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Is Cannabis the Holy Grail for Fibromyalgia Pain?

Emily Robertson

Studies show cannabis is more effective at relieving pain than opioids or Cymbalta.

Fibromyalgia is a highly misunderstood and underfunded disorder that affects mostly women (only 10% of diagnosed patients are men). We are nowhere near finding a cure and symptoms are difficult to treat. These symptoms include: widespread muscle pain and stiffness, fatigue, sleep problems, brain fog, and depression/anxiety; ranging from moderate to severe. It typically co-exists with other painful conditions, including: IBS, migraines, interstitial cystitis, and temporomandibular joint disorders.

Young Woman Clutching her neck in pain

Fibromyalgia patients experience widespread pain that can’t be explained by any other disease or disorder. Image Credit: PathDoc 

For people who suffer with fibromyalgia, it is an all-consuming and potentially disabling condition. At this point, research has yet to uncover the trigger for the condition, although it is likely connected to a disruption in the central nervous system and an endocannabinoid deficiency.  This would explain why cannabis has had success in treatment.  Many experts believe that the pain is coming from misdirected nerve firing.

Empty Bed at Night with Heating Pad on it

Image Credit: Shutterstock

In aggregate studies of patients, using initial intake interviews, it is likely that fibromyalgia has both a genetic component and an environmental trigger.  These can include, but are not limited to: giving birth, operation trauma, severe injury, systemic infection, and severe emotional stresses (abuse or PTSD).

Fibromyalgia Word Cloud

Image Credit: Shutterstock

Treatments for Fibromyalgia

Right now, the course of treatment that has proven to be most effective is a combination of lifestyle changes (in terms of diet and exercise), medication, and counseling.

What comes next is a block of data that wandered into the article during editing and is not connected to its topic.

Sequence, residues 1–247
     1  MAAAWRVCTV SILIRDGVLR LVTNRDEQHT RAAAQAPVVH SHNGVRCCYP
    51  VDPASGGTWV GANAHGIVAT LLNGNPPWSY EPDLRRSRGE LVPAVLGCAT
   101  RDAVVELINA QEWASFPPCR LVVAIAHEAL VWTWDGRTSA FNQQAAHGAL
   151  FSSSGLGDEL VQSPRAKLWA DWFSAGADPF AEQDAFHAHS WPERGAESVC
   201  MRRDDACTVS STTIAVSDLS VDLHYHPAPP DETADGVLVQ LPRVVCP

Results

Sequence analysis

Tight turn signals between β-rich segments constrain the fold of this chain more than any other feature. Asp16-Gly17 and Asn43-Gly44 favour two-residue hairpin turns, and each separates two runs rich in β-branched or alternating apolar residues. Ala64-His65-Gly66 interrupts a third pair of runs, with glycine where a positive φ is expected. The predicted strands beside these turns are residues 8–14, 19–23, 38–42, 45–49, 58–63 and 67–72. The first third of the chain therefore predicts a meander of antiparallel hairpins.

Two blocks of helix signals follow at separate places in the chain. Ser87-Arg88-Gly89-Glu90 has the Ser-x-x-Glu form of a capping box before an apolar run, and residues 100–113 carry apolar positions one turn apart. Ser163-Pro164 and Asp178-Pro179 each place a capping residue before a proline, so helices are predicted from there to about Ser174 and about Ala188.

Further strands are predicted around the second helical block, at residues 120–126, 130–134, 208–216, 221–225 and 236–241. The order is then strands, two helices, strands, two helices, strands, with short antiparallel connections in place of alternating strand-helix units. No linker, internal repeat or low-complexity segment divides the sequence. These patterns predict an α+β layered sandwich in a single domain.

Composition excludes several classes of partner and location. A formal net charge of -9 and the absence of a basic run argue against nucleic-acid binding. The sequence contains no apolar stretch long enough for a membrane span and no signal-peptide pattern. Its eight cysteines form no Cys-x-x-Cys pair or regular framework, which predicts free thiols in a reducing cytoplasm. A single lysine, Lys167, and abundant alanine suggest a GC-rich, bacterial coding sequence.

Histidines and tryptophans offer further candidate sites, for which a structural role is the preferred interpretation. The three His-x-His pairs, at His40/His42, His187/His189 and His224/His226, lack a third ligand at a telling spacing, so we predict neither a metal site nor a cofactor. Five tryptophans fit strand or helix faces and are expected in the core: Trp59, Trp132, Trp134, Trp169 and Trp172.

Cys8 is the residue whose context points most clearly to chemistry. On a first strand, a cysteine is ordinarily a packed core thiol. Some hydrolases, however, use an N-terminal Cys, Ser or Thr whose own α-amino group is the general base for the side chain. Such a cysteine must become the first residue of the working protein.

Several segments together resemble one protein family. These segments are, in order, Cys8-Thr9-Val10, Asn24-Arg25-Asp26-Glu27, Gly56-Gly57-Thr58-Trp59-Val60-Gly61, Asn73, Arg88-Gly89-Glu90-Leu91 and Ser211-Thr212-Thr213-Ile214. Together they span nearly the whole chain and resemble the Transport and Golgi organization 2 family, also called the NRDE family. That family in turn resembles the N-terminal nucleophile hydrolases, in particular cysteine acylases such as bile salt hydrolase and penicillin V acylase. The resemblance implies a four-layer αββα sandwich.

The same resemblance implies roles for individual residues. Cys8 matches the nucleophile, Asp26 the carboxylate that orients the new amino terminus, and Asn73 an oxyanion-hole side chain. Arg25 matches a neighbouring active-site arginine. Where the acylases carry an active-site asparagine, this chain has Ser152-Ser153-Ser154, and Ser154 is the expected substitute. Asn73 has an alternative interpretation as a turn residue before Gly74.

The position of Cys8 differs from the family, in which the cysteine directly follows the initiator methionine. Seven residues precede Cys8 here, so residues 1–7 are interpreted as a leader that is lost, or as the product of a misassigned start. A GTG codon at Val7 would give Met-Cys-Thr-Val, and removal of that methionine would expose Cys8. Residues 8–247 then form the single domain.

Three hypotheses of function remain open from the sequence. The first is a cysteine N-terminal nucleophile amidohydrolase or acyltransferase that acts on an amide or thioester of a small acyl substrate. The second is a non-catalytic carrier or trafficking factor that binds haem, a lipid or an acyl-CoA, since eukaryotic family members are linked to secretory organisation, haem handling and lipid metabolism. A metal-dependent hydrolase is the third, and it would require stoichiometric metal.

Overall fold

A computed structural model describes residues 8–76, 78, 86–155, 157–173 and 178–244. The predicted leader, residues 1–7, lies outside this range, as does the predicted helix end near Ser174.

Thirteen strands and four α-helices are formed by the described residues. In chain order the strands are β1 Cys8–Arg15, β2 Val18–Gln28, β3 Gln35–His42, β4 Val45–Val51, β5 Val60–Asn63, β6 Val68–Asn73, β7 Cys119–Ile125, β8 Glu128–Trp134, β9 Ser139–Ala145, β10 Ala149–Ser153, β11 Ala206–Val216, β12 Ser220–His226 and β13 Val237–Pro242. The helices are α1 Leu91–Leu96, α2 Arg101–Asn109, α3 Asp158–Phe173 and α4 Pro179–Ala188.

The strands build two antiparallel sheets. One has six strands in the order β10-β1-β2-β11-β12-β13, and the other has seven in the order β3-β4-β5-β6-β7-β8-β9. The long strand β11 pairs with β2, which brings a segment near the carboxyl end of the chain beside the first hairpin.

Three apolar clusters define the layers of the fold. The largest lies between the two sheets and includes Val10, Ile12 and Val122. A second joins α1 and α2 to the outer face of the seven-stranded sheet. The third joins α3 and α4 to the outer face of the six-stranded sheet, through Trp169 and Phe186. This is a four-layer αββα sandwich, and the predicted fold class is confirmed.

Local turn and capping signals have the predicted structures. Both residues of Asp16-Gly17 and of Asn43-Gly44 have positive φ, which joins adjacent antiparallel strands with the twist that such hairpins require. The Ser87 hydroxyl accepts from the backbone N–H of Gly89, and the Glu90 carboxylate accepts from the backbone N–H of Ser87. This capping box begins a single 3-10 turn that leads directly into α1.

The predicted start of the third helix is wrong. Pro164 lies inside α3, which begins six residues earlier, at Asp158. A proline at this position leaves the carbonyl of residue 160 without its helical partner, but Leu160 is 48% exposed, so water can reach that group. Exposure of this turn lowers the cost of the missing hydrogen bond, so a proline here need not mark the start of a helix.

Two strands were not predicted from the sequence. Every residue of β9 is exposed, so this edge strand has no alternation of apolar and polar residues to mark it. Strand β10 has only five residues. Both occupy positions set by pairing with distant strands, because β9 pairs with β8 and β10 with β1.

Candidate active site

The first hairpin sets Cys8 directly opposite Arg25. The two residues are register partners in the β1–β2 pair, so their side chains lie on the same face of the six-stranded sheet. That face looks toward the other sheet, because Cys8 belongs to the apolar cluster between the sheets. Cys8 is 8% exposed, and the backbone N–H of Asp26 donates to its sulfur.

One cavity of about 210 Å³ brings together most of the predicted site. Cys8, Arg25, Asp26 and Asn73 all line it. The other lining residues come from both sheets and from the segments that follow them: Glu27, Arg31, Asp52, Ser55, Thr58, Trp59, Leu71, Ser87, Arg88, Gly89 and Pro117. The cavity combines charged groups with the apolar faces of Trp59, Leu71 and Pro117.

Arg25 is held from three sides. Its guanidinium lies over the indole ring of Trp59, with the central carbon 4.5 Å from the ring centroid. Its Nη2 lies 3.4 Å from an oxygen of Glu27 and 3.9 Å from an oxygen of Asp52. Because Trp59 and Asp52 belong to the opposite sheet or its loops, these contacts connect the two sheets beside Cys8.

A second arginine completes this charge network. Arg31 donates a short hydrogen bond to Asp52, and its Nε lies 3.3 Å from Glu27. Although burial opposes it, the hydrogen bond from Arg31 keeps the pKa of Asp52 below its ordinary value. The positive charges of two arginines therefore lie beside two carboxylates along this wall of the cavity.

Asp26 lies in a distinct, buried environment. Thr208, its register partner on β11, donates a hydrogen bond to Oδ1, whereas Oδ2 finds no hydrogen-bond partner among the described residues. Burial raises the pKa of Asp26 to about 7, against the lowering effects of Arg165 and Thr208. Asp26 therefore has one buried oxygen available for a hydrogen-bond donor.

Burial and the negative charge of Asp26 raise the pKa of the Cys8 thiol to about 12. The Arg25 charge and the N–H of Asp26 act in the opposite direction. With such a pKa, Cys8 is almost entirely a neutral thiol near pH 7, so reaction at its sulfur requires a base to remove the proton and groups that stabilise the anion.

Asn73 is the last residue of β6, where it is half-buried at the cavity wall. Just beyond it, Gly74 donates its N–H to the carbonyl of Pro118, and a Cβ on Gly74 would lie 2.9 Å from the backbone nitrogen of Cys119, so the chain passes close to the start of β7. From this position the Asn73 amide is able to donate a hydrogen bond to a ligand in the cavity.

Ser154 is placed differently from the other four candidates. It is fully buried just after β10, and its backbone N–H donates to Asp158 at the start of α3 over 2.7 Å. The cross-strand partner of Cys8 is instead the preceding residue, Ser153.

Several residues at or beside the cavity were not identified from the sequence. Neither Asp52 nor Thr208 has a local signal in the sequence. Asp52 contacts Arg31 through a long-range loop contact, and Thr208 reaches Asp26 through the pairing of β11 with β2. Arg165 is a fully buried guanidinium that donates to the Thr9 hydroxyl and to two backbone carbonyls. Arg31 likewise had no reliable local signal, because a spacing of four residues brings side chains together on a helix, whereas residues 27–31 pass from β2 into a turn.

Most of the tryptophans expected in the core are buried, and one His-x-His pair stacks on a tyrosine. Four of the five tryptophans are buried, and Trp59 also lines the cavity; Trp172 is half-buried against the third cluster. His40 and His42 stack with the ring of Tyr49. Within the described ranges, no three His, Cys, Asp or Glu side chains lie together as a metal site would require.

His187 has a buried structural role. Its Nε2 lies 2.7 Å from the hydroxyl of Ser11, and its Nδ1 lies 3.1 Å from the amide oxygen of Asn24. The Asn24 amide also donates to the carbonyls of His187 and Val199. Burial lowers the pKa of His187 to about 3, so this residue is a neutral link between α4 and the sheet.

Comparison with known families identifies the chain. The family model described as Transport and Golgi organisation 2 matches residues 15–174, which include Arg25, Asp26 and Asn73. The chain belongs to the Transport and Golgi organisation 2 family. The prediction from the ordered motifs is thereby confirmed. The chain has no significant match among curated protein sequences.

The three pharmaceuticals that are typically prescribed to manage fibromyalgia are:  Cymbalta (Duloxetine), Savella (Milnacipran), and Lyrica (Pregabalin). While these have shown some efficacy in managing symptoms, more than 50% of patients report no relief. In addition, typical painkillers are not effective on fibromyalgia pain due to reduced binding ability of the opiate receptor in the brain of those suffering from fibromyalgia.

Image Credit: FGC

Cannabis and Fibromyalgia

Cannabis is known to be an effective pain killer and works through different receptors than opioids.  A survey conducted by the National Pain Foundation found that 62% of participants who took cannabis to treat their fibromyalgia found it ‘very effective’ in alleviating symptoms. This is compared to a mere 8-10% who claimed that the pharmaceutical prescription counterparts were ‘very effective’; and a dramatic contrast from the 60% of patients who said their prescriptions are totally ineffective.

Cannabis bud versus pills on white background

Image Credit: El Flapas

The method of cannabis consumption is important for fibromyalgia patients. Start with a vape in the morning to get out of bed, followed by edibles or oil. The reason for this is that vaping will bring immediate and short acting relief while you are waiting for the oil/edible is kicking in. The latter will bring relief for 4 to 6 hours. Some patients also find that edibles before bed are effective in allowing a good night’s sleep. Take your medicine about 45 minutes before you hit the hay.

Throughout the day, micro-dosing for breakthrough pain can be an effective way to hold the pain back while still avoiding the feeling of being “high.”

Cookies beside cannabis leaf and edibles sign

Image Credit: Shutterstock

A year and a half ago, Cannabis Science also developed a cannabis patch that releases cannabis over a prolonged period of time in order to deliver effective dosage for several hours.

If you suffer fibromyalgia, have you tried cannabis, would you? Please share your stories below.


Emily Robertson

Emily Robertson has been writing freelance and contract work since 2011. She has written on a variety of topics, including travel writing of North America and the growing legalized cannabis industry across the globe. Robertson has a master’s degree in literature and gender studies, and brings this through in her writing by always trying to explore different perspectives. Born and raised in southwestern Ontario, Robertson moved to Glasgow, Scotland in 2016 to undergo her doctorate in Scottish Literature. She lives in the West End with her dog, Henley.

1 Comment
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    I’d love to try it for my Fibro but it’s still illegal here in Australia 🙁

    March 11, 2019 at 10:51 pm Reply

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